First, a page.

Larry Paparo: Me, shy? One was Kenneth Cole. It was publicly owned back in the early ’90s. When I got there, they were doing about $200 million. By the time I left, I was an executive in the company. I also started their children’s line, which was doing about $600 million by the time I left.

Kenneth recruited me because he wanted to take what I had done with this solidly engineered European comfort casual type of shoes and incorporate it into his very uncomfortable fashion shoes. I took what I had learned and incorporated it into the first designer casual shoes as well as a children’s shoe line, which was a first. Until then, kids’ shoes were only kid brands. They soon introduced me to other areas. I was doing the men’s shoes, the women’s shoes—all different tiers of distribution. 

Nesanel Gantz: You basically took over divisions within different companies and built them up. 

Larry Paparo: Exactly. The first time I worked for a large company, I honestly didn’t know what I was doing. I would listen to them talk in the meetings, and they would use all these abbreviations and say all these things about business, and I would be like, “Yeah, yeah, sure.” And then I’d go and look up everything later. It was a “fake it till you make it” situation.

From Kenneth Cole, I went on to run a large division at Nine West, and then I went to Steve Madden, where I was the president of the board. As I transitioned from retail to wholesale, I learned a lot about the manufacturing business. I tried to learn all I could every step of the way. 

Nesanel Gantz: And eventually you retired, right? You felt like you reached your peak. 

Larry Paparo: Uh, no, not yet. Hang on, hang on. You should go and get Ami so you can read the entire story—wait, you wrote it! [audience laughs]. 

I was doing many things, and I was doing well. The truth is, you don’t have to stop. You can just keep going, going, going. If you have the hunger and the passion and the drive, nothing can stop you. You will win.

For me, I got out of wholesale and moved into my own company called LJP International, where I was manufacturing, sourcing and designing shoes for lots of different brands. I did that for about five years, making shoes for companies all over the world. I had shoes made in Brazil, China, Italy and more. By that time, I had about 200 people in my China office and several showrooms in New York. Then the brands started to call on me to come and license their brands.

So now I’m making shoes, designing shoes and licensing brands for men’s, women’s and kids. One of the brands was an Italian brand, a very famous one called Bruno Magli. I ended up doing significant work for around ten brands. I did that for the next five years and by the time it was 2015, I thought I was going to retire. I was about to hit 50, and I had just made it into the “Power 100” of the most influential people in the shoe industry. It was my dream to meet one of these Power 100, so now that I had actually become one, I thought I was done. I retired.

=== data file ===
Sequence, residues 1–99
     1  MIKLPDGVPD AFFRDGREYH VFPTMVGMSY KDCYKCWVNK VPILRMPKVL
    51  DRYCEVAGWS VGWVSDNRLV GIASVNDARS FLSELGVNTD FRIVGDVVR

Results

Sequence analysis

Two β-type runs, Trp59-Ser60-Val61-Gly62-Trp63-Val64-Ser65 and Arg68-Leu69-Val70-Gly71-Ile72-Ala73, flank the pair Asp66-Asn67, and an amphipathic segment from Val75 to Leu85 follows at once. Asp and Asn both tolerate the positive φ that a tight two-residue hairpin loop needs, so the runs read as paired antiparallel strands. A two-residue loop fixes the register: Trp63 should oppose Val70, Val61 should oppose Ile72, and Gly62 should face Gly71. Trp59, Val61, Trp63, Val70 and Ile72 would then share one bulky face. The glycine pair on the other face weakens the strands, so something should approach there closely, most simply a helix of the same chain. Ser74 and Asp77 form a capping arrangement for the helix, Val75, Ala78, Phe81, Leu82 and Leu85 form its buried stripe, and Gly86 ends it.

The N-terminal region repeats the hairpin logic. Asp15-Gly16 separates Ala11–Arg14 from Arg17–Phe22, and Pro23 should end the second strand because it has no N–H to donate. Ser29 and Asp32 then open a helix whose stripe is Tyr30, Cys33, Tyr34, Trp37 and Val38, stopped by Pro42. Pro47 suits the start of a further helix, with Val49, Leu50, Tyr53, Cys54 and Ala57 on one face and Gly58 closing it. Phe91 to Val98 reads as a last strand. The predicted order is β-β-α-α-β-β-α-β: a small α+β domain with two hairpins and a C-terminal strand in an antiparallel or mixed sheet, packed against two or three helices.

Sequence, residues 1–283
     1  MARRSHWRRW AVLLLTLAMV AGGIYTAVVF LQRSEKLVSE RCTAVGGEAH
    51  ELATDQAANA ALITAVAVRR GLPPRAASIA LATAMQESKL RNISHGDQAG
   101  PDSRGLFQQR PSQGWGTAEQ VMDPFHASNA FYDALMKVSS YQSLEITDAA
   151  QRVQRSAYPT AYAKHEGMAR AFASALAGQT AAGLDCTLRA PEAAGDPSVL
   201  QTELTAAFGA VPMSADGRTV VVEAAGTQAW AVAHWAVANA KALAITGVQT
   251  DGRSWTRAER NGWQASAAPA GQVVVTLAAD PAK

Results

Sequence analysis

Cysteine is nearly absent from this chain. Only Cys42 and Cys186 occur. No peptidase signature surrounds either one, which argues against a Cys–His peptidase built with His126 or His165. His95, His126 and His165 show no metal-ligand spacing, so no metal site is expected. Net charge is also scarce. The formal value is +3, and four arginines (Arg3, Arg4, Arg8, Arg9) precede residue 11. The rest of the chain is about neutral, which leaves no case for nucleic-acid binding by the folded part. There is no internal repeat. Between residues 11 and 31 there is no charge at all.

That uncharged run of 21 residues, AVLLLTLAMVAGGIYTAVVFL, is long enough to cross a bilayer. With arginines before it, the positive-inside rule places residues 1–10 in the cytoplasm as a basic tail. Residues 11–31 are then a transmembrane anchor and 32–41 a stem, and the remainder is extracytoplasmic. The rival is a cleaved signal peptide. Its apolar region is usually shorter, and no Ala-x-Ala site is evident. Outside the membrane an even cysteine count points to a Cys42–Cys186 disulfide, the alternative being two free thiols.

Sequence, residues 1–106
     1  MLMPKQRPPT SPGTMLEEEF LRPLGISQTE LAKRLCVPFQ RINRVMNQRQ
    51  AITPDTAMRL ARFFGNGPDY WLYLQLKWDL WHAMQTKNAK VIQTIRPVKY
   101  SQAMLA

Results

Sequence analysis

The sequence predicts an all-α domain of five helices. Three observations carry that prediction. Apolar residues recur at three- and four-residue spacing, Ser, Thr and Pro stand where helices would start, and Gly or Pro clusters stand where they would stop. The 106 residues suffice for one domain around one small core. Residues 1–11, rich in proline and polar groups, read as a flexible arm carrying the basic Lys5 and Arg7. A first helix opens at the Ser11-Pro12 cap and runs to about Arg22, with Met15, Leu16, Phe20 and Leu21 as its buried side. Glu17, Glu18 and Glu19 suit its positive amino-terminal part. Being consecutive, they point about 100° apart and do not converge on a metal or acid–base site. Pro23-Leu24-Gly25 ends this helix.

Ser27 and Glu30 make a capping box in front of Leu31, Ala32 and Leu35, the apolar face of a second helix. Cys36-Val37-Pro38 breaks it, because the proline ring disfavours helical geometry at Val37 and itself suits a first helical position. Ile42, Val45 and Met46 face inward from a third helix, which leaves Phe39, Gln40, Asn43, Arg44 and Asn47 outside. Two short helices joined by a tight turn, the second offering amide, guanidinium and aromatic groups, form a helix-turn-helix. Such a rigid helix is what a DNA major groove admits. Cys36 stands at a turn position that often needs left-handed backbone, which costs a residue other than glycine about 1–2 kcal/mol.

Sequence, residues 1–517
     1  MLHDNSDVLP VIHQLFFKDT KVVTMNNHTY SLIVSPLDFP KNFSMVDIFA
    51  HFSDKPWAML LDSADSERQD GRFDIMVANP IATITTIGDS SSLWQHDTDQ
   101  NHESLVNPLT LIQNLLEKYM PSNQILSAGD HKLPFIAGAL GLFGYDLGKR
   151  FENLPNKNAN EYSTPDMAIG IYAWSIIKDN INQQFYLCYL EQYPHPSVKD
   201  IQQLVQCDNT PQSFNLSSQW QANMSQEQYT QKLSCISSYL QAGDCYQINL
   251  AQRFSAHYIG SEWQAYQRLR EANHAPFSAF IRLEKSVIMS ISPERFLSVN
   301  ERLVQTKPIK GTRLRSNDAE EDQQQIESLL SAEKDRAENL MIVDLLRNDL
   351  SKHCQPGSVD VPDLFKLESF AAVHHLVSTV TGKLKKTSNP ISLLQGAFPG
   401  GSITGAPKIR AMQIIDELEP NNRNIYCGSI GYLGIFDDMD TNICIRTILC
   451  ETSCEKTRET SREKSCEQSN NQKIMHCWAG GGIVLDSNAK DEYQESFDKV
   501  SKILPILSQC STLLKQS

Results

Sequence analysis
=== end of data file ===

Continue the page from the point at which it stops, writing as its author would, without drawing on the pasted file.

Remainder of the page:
But then I had the opportunity to grow my own company, Floafers, and I was intrigued because the foam space was becoming popular at the time. 

Nesanel Gantz: Because of Crocs. 

Larry Paparo: We don’t use that word. 

Nesanel Gantz: I’m sorry.

Larry Paparo: This guy is killing me. We knew that the foam space was really growing, and today, 30 percent of the global footwear space is foam footwear. But the shoes that existed pre-Floafers are kind of odd and big. I won’t get too technical, but foam expands. It’s not a friendly material, which is why you see them so big and ugly and wide. We figured out a way to control it and shape it to be more like a traditional shoe [points to the leather-looking Floafers he is wearing]. This is a Floafer shoe in patent leather. I wore them to my son’s wedding in August. They’re the only pair in the world.

COVID turned out to be great for our brand, because the world changed to more of a comfort lifestyle. Not too many people were buying dress shoes during COVID. For us, getting into the comfort world with an antimicrobial shoe that you could wear from daytime into the night was a game changer. What was impressive to me was that big brands like Cole Haan and Sperry tried to copy us and failed. The fact that they copied us made me want to go stronger.

Nesanel Gantz: By the way, for those of you who don’t know, Larry is a Brooklyn-born boy. What’s your Hebrew name?

Larry Paparo: Laibel.

Nesanel Gantz: That’s great. David, let’s go to you. Tell us your background story. 

David Pilchick: I don’t know if I can beat Larry’s story. 

Larry Paparo: I’ll help you if you need it. 

David Pilchick: Alright. You back me up. It’ll go a lot quicker, though. [laughs] I have a company called Brooklyn Low Voltage Supply. I’m a wholesale distributor of security products. One of our customers, Yehuda Fleischer, is exhibiting here at the show. We’re very proud of him and we came to support him.

Nesanel Gantz: That’s interesting business advice—supporting your clients.